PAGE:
A good example has actually been proposed. Drive up the cost of fuel by harassing and regulating oil producers, forcing the Green agenda, and printing excessive money. Then ride to the rescue by sending the public a check so they can deal with the high fuel costs. Since the government is running huge deficits anyway, simply print the money you will pass out to the public. The belief is the public will be too stupid to understand the game.

A variation of this scheme was the stimulus checks. Shut the economy down using Covid restrictions, causing great pain. Relieve some of that pain by sending checks to those harmed, hopefully, to make them grateful and dependent.

Thus, the way not to fight inflation is to harass and harangue businesses and housewives, print excessive money to pass out to the public to help with inflation, impose wage and price controls, blame corporations, and impose “windfall” profit taxes.

As to what to do to really fight inflation, the following steps are necessary. If inflation is too much money chasing too few goods, one needs to decrease the amount of money and increase the supply of goods.

Slow dramatically the growth of government spending and the growth of the money supply.

Increase the supply of goods by deregulating and rewarding production. Avoid at all cost wage and price controls, rationing, and windfall profit taxes. Foster vigorous competition, knocking down legal and regulatory barriers that block new producers from entering the market.

In short, do the opposite of what Democrats propose.

If the program is both credible and consistent, consumer hoarding will stop as the public learns there is no rational reason for doing it. When supplies of goods and services are reliable, and if prices moderate, there is no reason to buy before prices climb even further. It takes time to break the back of inflationary psychology. However, if the underlying cause, too much money and too few goods is addressed, the inflation will subside.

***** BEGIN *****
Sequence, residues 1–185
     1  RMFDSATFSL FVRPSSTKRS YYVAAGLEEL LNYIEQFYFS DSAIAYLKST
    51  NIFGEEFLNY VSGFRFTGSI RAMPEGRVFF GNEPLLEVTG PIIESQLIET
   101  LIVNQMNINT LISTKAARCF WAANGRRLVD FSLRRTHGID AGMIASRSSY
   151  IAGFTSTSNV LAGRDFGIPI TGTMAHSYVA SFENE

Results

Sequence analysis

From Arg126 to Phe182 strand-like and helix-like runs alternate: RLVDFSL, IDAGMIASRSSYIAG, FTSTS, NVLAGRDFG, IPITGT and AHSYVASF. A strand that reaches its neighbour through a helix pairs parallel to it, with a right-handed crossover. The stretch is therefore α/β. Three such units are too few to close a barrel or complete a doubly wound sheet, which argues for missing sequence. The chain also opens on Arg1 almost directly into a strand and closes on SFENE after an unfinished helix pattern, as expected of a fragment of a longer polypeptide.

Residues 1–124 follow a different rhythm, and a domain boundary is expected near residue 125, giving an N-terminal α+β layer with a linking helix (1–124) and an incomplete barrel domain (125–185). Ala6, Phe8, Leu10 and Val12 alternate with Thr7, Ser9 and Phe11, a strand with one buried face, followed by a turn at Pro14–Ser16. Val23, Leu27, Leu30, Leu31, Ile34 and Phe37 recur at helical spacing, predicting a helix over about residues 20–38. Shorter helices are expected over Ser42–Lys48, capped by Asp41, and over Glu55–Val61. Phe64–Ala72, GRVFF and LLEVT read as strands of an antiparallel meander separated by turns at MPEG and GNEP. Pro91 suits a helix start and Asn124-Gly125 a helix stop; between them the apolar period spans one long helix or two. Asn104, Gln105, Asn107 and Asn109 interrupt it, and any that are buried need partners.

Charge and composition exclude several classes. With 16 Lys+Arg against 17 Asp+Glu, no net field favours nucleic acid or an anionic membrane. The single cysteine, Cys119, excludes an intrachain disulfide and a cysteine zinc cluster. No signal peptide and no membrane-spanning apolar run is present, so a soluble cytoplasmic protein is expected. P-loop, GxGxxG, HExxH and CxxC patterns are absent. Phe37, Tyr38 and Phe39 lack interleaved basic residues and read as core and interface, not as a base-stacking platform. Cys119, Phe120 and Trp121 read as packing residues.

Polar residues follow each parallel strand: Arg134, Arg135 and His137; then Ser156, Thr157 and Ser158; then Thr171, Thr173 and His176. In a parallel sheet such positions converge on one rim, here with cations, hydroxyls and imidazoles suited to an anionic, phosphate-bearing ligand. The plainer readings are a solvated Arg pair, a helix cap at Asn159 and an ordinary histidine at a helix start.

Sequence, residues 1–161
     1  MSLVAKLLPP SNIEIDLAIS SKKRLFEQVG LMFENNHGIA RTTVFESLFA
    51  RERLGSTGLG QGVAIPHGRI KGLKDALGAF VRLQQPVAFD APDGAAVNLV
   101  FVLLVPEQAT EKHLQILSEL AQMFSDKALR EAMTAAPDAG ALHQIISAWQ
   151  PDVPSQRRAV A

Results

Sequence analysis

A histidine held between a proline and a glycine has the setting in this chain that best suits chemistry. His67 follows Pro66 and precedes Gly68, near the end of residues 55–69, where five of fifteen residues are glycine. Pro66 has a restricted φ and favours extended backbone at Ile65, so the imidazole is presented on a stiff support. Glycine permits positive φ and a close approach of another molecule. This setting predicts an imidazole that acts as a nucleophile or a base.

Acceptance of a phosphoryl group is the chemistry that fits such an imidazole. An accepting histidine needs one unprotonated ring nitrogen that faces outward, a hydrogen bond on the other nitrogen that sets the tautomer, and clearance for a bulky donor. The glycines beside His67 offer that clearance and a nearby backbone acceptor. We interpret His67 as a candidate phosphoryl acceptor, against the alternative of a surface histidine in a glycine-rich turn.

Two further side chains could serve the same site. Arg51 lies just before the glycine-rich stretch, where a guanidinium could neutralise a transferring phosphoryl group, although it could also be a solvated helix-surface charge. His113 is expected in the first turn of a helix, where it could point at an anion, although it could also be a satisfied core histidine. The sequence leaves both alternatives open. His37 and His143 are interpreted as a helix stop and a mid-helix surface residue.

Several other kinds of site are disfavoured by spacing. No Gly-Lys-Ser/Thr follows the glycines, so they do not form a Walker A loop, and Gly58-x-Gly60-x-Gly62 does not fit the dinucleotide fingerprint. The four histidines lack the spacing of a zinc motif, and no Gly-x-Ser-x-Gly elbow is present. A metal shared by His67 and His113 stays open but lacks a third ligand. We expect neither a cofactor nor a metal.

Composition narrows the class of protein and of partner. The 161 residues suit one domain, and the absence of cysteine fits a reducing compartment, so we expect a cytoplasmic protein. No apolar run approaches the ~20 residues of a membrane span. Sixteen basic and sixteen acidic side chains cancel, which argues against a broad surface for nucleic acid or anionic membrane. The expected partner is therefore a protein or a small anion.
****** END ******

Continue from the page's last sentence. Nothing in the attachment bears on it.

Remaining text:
The Fed’s Doomsday Prophet Has a Dire Warning About Where We’re Headed

Estimated Reading Time: 4 minutes

Thomas Hoenig knew what quantitative easing and record-low interest rates would bring.

Thomas Hoenig doesn’t look like a rebel. He is a conservative man, soft-spoken, now happily retired at the age of 75. He acts like someone who has spent the vast majority of his career, as he has, working at one of the stuffiest and powerful institutions in America: the Federal Reserve Bank. Hoenig has all the fiery disposition that one might expect from a central banker, which is to say none at all. He unspools sentences methodically, in a measured way, never letting his words race ahead of his intended message. When Hoenig gets really agitated he repeats the phrase “lookit” a lot, but that’s about as salty as it gets.

This makes it all the more surprising that Tom Hoenig is, in fact, one of America’s least-understood dissidents.

In 2010, Hoenig was president of the Federal Reserve regional bank in Kansas City. As part of his job, Hoenig had a seat on the Fed’s most powerful policy committee, and that’s where he lodged one of the longest-running string of “no” votes in the bank’s history.